Heuser Law Office Uncategorized Condo Question-Past Due Fees

Condo Question-Past Due Fees

Questions Answered:

QUESTION: Good morning, I am sending this email in hopes of garnering further information about the potential filing of liens for homes past due on association fees. I am the the current HOA president and we are looking to move forward on filing liens on delinquent member homes. I would like to find out more and explore what next steps would like. Thank you for any help you may be able to give.

ANSWER: Good morning. Thank you for contacting us.
Usually, in the Declaration of Covenants, a lien is provided for late payments and violations. The lien ordinarily runs with the property so when a property sells, there is a process in the closing of requesting that association provide verification that the dues are current.

There are a variety of ways of enforcing unpaid dues:
-Sending multiple letters and filing multiple notices of the lien is one way.
-Filing a collection lawsuit or a foreclosure are two other ways.
Assuming the Declarations provide for collection of attorney fees against delinquents, which is usually the case, enforcement can happen at no cost to the association. That is the usual case and the way the association is supposed to work. I would need to review your master documents– declaration, amendments, bylaws and rules, to be sure. Sometimes procedural adjustments are needed.

The Process is usually as follows:
1. Association sends any required delinquency notice(s).
2. Associations send final notice of referral (to atty) for collection.
3. Attorney sends required Fair Debt Collection letter and initial bill.
4. Attorney files whatever proceeding is appropriate.

In our experience, diligent followup results in a quickly declining number of violations.

For us the process starts when the association send us a copy of the final referral notice and a copy of the full statement of account. If you have any questions or want to send a test case, please feel free to reply with details. If you have copies of association documents that would be helpful as well. Thank you for your consideration.

Vince Heuser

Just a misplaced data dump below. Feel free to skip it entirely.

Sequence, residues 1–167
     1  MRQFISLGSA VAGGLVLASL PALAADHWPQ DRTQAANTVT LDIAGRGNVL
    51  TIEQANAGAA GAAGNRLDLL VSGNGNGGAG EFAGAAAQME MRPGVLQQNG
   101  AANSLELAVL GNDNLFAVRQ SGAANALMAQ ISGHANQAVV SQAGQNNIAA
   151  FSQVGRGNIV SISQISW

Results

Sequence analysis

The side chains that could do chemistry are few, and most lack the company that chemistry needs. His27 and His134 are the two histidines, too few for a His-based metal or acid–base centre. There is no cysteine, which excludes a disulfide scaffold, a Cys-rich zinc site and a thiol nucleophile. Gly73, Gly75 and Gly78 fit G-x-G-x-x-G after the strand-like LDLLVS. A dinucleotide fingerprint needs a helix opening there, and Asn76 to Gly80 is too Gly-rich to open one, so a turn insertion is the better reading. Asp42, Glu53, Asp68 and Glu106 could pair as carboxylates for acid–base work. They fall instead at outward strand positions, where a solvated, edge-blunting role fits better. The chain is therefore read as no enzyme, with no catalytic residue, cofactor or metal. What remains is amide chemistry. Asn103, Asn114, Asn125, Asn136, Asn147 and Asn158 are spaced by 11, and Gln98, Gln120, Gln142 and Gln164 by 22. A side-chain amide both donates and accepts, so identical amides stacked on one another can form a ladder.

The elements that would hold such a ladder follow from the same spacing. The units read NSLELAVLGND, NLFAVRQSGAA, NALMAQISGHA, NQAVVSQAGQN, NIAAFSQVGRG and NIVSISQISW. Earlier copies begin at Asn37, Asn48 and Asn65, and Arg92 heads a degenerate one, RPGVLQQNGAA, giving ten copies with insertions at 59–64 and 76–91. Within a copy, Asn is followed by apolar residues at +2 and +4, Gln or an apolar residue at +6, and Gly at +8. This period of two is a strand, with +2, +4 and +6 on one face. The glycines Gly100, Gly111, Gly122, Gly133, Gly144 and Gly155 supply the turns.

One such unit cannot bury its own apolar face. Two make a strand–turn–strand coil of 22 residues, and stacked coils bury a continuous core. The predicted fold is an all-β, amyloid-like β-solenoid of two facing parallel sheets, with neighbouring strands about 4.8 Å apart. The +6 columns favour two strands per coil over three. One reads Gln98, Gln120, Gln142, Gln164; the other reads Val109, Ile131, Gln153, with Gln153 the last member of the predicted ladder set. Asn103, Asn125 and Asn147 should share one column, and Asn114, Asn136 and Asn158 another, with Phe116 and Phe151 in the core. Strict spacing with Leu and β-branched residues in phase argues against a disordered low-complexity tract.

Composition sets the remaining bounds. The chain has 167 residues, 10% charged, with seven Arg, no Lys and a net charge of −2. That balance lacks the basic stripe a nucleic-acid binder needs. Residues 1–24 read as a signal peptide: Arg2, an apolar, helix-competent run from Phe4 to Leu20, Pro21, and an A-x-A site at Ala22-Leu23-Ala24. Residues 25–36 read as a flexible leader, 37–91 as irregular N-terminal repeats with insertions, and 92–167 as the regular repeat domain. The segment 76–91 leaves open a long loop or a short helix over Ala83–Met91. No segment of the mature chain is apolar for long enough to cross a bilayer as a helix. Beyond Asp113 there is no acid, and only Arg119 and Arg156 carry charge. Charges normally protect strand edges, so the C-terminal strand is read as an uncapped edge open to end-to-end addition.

(502) 458-5879

Recent Cases to Ponder

Be Sure you Pay Enough for your Foreclosure Purchase.

Recently the S. Carolina Supr. Ct. in a rambling and whiney opinion castigated an association and foreclosure purchaser, and voided a foreclosure sale because the sale amount was too low. Stripped of all the drive-by commentary, the holding consists of a sentence:

“Under the Equity Method, [the buyer’s] bid accounted for approximately 4.9% of the value of the Property, which was far less than the 10% threshold we have looked to in the past. As a result, under the circumstances presented in this case, [the buyer’s] winning bid was so grossly inadequate as to shock the conscience of the court.”
You can read the full tale of woe here: Winrose Homeowners’ Assoc v. Hale.

Sixth Circuit Says Smokers have Rights, Too.

A non-smoking condo owner got steamed over the neighbors smoke and sued the association claiming her “asthma” was a protected disability, the smoke was a nuisance and the board was required to prohibit it. Reminding the Plaintiff that property rights are still important and that not every discomfort is a protected disability, the Sixth Circuit affirmed the dismissal by the district Court.
This is a good decision for condo managers to review: Phyllis Davis v. Echo Valley Condo Assoc..

Ky Condominium Law Major Revision

Effective Jan 1, 2011, the Commonwealth of Kentucky adopted the Kentucky Condominium Act. This representented a major revision of Kentucky Horizontal Property Law created in 1962 and added numerous new obligations for condominium associations.
Read more…

Condominium Association Sued?

Board members can become personally liable for association debts if they fail to act prudently.
Read more…

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